5 Types of People Who Ruin Every Story

A couple of months ago, I wrote that laid-back Irish pubs were my favorite kind of bar, but I failed to mention why: It's because they're the best place for telling stories. Some of my favorite memories involve just sitting back with a beer in some place quiet enough to speak and hearing a good yarn. Man, that makes me sound old, but I was always like this.

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Me on my 23rd birthday.

Anyway, I like stories -- telling them and hearing them, provided they don't suck. But a good story requires more than just a talented tale-telling; it needs a good audience. And that's harder to find than you might think, because there are so many people who suck at hearing stories. Here are five of the worst.

#5. The Devil's Advocate

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I had a friend in school who was one of the sweetest, kindest dudes I've ever met. He was a mild-mannered, soft-spoken Asian dude. Always polite and kind and quick with a favor. I also hated his guts, because he was the most infuriating person to tell a story to. Especially if it was a complaining type of story, because every problem you ever had was always somehow your fault. He would never support you. We'll call him Adam, because I've forgotten his real name, and because only weasels are named Adam.

Your Story: Oh, my God. I just got back from Best Buy, and right as I bought the computer, I realized I had to return it for a different one. I hadn't even left the store yet. I was literally getting handed the computer in line when I realized, and they still charged me a 15 percent restocking fee for the return.

The Devil's Advocate: Well, y'know, that makes sense, because there are a lot of people making returns and sometimes that increases overhead because a;lkfna;lskdfj a;sdfkja;lsdkfjalfa;l.ad.fa.sdfka'sdfkja ...

"a;lkfna;lskdfj a;sdfkja;lsdkfjalfa;l.ad.fa.sdfka'sdfkja ...": phrase indicating a lazy Internet writer's attempt to convey worthless words.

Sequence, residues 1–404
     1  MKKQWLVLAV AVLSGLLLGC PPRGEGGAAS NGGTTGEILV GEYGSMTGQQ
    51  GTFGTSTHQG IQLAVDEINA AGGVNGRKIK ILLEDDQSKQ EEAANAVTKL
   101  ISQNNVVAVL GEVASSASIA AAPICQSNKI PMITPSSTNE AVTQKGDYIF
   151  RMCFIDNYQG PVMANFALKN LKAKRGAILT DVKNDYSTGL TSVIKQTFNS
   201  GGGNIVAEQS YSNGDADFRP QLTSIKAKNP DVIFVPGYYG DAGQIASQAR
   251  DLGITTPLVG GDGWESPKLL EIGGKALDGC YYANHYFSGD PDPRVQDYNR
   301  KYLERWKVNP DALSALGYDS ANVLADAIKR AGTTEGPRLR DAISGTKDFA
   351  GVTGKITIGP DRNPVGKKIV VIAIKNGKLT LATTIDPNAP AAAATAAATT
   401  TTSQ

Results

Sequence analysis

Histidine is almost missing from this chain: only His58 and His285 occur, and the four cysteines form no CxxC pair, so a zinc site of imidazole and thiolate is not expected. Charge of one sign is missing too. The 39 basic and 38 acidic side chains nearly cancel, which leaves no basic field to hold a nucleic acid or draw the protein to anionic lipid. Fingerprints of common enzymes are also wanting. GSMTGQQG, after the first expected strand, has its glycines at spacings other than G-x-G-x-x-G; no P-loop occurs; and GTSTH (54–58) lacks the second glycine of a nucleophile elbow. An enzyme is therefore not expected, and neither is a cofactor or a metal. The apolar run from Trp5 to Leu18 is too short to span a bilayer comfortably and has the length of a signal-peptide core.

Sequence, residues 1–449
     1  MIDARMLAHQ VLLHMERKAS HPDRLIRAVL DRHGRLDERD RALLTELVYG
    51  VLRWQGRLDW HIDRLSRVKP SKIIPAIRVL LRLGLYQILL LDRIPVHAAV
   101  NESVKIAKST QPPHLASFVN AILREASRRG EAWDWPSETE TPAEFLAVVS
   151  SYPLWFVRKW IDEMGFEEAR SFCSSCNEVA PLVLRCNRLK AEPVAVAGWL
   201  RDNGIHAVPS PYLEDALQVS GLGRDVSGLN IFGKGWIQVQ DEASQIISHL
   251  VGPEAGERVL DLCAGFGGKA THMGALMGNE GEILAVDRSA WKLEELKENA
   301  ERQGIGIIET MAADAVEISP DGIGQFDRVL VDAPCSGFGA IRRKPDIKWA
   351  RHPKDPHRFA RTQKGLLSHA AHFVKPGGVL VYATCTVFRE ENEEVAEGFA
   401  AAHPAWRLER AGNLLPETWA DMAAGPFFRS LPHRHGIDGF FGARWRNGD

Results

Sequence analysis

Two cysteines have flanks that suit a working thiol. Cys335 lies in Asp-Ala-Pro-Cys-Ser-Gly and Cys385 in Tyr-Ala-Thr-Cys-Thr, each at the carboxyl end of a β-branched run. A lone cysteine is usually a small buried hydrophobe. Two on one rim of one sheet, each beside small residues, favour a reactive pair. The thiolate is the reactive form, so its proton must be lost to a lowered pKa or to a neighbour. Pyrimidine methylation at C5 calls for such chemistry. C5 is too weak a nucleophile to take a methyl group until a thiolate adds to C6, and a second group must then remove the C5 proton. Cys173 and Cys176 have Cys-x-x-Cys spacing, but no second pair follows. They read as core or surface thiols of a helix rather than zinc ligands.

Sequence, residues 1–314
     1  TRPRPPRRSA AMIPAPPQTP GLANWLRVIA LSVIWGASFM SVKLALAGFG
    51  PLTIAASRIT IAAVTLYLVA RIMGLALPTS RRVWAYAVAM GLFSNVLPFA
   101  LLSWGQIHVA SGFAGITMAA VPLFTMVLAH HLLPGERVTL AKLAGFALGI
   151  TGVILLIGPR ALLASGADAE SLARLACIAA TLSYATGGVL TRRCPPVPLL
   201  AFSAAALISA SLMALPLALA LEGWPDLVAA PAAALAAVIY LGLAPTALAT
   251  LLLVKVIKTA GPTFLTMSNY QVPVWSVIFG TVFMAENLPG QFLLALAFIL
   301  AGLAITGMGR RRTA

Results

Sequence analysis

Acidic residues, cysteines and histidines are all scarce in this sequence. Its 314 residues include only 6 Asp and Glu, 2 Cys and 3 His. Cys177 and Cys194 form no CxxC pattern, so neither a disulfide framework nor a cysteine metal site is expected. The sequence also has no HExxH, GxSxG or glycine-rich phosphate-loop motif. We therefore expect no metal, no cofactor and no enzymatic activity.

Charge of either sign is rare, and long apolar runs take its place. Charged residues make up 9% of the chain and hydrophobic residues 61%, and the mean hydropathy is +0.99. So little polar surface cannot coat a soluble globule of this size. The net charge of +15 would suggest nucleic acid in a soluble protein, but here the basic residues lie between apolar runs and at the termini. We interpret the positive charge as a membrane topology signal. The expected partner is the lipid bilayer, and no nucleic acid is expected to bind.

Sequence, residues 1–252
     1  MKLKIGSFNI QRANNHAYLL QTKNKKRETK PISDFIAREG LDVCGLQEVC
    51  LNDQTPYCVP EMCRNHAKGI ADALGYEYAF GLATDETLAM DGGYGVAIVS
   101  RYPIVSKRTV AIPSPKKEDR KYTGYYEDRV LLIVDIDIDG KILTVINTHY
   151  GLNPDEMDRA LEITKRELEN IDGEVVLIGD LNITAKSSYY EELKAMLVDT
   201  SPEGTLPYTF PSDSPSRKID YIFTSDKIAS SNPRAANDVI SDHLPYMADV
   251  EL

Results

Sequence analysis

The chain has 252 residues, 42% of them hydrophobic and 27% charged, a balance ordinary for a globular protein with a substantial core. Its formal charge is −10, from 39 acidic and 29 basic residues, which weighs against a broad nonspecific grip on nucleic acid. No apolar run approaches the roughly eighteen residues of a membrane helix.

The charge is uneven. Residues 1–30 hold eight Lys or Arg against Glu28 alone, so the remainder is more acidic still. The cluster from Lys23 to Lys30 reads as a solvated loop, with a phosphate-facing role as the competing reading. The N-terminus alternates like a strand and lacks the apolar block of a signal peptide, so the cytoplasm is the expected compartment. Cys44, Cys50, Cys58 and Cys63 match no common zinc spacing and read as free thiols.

It really didn't matter what the story was; it was always somehow your fault, especially in the service industry context -- mostly because Adam worked in a camping supplies retail store and hated everyone all the time (despite being so sweet and kind and seemingly mild-mannered). Eventually, it became sort of a joke among us and we tried inventing stories he couldn't possibly pull his Devil's Advocate bullshit on. But he did, over and over, until the day I bested him. It was glorious.

"Hey, I just got back from Burger King and they totally messed up my order," I said.

"Well," Adam replied, "did you have like a special order?"

Yes," I conceded. "I ordered my Whopper without onions."

A slow smile spread across his face. "Yeah, well, y'see, there you go ..."

"Adam, this is America. I'm allowed to ask for something without onions without inviting a 20-minute delay and a still-messed-up order."

"Well, y'know, that's not really what fast food is about."

"It's not? Burger King's slogan is 'HAVE IT YOUR WAY'!"

*For younger readers: It totes was. Totes. That's what you kids say, right? Totes? Yeah, it totes was, fo sho. Tru dat.

#4. The True Believer

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The True Believer lets you tell your story. He might even laugh at all the right parts and listen patiently for the ending while you tell it. But that's because he has a point to make. See, the True Believer is a devout Christian or an ardent vegan or a strict libertarian -- it doesn't matter. He is a member of some belief that systematically runs through every single thing he does in his life. There is nothing, not even your story about buying shoes, that does not tie back directly to his central beliefs. So when you finish your tale, instead of having a laugh and a beer, you get this:

Your Story: ... so anyway, I was just about to leave the shoe store because they didn't have my size when a box fell off the shelf, nearly hitting me on the head. But when it hit the ground, the black Kenneth Coles I was looking for popped right out of the box. They'd been put back in the wrong spot, and by sheer coincidence one of the workers accidentally knocked them off the wall as I walked by!"

True Believer 1: Yep. It's funny how God is always looking out for you.

True Believer 2: Yeah, fucking corporate America, man, cutting wages so that no one does a good job anymore. Throwing boxes where they don't belong and nearly killing customers.

True Believer 3: Wait, you still wear leather? Do you know what they do to cows to get that?

Chip Somodevilla/Getty Images News/Getty Images
"You lost your thumb using a table saw without a guard? Thanks, Obama!"

#3. The One-Upper

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You don't even have to read this one, right? You know who the One-Upper is. He's the guy prodding your story along with his head nodding, not because he agrees, but because he's waiting for you to get to the end so he can tell an even better story. Aside from that being rude, the One-Upper's story usually isn't better. It's the same or worse. It just has the added benefit of having happened to him.

Goodshoot/Goodshoot/Getty Images
"Get to the part of your story about me."

Your Story: So anyway, I had no money in my wallet. I also had no idea how I was gonna get home. Then suddenly, I find a hundred-dollar bill in the street!"

The One-Upper: Oh, man, I'll do you one better: I once found a 20!"

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